Surprisingly this cake stayed lush and moist for quite a few days after baking. I baked it the Friday and it was still delicious on the Monday. I tweaked the recipe slightly and added a bit more lemon juice and maybe more courgette. I reduced the icing sugar too as I wanted the goats cheese to come through.
Courgette and Lemon Cake with Goat's Cheese Buttercream and Lemon Drizzle
Adapted from Layered by Tessa Huff.
Makes 3x 15cm cakes
For the cakes:
315g plain flour
2 teaspoons baking powder
½ teaspoon baking soda
½ teaspoon salt
½ teaspoon cinnamon
½ teaspoon nutmeg
150ml sunflower oil
300g white sugar
Zest of 1 regular sized lemon
3 large eggs
350g fresh courgette, grated, then moisture removed by squeezing in a tea towel
3 tablespoons of milk
Juice of ½ a regular sized lemon
For the goat’s cheese buttercream:
115g plain goats cheese (unsalted and ash free)
115g butter, softened
300g icing sugar
A splash or two of milk
1 teaspoon vanilla
For the lemon drizzle:
125g icing sugar
2-3 tablespoons lemon juice
Zest of 1 regular sized lemon
(a teaspoon or so of hot water just in case it is too thick)
Preheat the oven to 170 degrees on bake. Grease and line three 15cm cake tins.
Mix together the oil, sugar and lemon zest using a standmixer or electric beater for two minutes. Add the eggs one at a time, beating well between each addition.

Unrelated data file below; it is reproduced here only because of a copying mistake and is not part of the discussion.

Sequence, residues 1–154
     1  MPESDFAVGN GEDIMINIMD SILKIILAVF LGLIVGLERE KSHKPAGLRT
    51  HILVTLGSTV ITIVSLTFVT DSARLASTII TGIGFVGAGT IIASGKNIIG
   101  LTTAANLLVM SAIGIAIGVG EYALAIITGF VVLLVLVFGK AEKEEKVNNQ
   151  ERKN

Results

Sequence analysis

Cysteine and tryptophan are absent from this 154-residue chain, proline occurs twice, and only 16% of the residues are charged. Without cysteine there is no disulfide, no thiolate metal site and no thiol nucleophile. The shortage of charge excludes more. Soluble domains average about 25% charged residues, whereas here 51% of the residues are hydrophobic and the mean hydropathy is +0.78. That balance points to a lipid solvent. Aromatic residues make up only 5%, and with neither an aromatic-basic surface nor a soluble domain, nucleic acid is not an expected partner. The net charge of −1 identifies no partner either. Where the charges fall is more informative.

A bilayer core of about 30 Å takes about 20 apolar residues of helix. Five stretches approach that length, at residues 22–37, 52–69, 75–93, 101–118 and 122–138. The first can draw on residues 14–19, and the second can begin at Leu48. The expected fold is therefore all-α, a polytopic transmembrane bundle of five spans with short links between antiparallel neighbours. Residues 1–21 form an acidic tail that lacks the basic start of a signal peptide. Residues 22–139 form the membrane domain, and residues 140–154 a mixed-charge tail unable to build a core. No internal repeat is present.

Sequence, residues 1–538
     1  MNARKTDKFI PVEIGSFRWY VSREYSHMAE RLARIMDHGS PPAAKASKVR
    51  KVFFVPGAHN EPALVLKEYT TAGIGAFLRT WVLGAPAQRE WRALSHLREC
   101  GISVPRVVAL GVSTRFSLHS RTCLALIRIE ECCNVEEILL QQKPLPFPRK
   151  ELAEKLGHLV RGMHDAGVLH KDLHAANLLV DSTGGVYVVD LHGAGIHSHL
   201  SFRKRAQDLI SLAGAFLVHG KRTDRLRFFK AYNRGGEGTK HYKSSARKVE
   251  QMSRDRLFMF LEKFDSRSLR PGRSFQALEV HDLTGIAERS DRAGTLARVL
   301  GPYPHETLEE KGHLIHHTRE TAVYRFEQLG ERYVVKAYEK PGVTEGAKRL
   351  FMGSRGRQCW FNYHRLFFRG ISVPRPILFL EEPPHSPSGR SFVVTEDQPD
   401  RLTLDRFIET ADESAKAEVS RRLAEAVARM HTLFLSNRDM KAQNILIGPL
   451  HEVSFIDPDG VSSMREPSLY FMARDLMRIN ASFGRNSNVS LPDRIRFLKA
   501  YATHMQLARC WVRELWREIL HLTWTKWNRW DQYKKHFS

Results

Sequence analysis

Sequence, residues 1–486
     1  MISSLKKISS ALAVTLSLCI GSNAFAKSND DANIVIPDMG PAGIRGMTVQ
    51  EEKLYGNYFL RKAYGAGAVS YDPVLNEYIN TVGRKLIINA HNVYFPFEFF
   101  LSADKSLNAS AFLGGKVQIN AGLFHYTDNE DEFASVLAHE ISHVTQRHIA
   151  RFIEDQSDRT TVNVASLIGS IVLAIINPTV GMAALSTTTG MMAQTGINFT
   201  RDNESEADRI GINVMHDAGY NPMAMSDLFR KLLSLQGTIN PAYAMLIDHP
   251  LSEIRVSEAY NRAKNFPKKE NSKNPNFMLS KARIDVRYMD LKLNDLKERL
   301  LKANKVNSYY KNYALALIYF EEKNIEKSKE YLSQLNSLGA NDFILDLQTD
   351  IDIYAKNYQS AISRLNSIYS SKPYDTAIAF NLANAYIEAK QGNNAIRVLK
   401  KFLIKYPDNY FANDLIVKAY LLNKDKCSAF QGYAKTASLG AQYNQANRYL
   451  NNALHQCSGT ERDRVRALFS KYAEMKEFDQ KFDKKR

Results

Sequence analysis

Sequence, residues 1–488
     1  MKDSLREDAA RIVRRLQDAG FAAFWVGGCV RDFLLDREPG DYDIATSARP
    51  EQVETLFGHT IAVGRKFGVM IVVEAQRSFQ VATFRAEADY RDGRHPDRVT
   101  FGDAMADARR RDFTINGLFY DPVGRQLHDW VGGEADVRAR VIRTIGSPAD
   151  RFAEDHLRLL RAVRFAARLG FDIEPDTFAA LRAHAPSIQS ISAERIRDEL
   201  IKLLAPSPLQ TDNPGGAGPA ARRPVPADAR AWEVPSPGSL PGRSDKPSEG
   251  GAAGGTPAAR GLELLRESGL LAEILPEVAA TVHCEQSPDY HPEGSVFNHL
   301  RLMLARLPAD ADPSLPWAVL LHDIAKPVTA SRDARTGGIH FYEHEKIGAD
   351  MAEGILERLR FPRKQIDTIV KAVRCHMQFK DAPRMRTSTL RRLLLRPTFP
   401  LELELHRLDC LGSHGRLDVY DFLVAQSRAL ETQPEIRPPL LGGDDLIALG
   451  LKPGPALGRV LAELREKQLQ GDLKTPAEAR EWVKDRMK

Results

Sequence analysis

Sieve in the flour, baking powder, baking soda and spices then slowly mix together.
Mix the milk and the lemon juice together. Take the freshly grated courgette, bundle it up in a clean tea towel and twist the towel, squeezing out as much moisture as you can. Add both the courgette and the lemon-milk mix to the batter and gently mix through.
Split the batter evenly between the cake tins (it was around 300g each I think). Bake for 25 minutes, test with a skewer. If the skewer does not come out clean, bake for additional lots of 5-10 minutes until it does (you be the judge – every oven is different).
Leave the cakes to cool before removing from the cake tins and icing.
To make the buttercream, start by beating together your butter and goat’s cheese until a smooth paste forms. Add in the icing sugar, vanilla and enough of the milk so that a thick but still spreadable buttercream forms. Beat until smooth and fluffy. You want it to be thick enough to not ooze out the sides of the cake to much when the layers are sandwiched together.
Level the cakes out with a cake wire or large serrated knife. Place the first cake on a cake board or a plate and spread over half the buttercream so that it goes to the edges of the layer. Place the second layer on top then the second half of the buttercream. Secure the final on top and press down gently. Smooth out any buttercream that oozes out the sides. If you want your cake to be a little more sturdy for transport, pop it in the fridge or freezer for half an hour to set the buttercream slightly.
To make the lemon drizzle, whisk together the icing sugar, zest and enough of the lemon juice to make a thick but still drip-able consistency. Pour this over the top of your ake and gently encourage it to drizzle over the sides with aspoon.
Decorate with fresh flowers if you wish.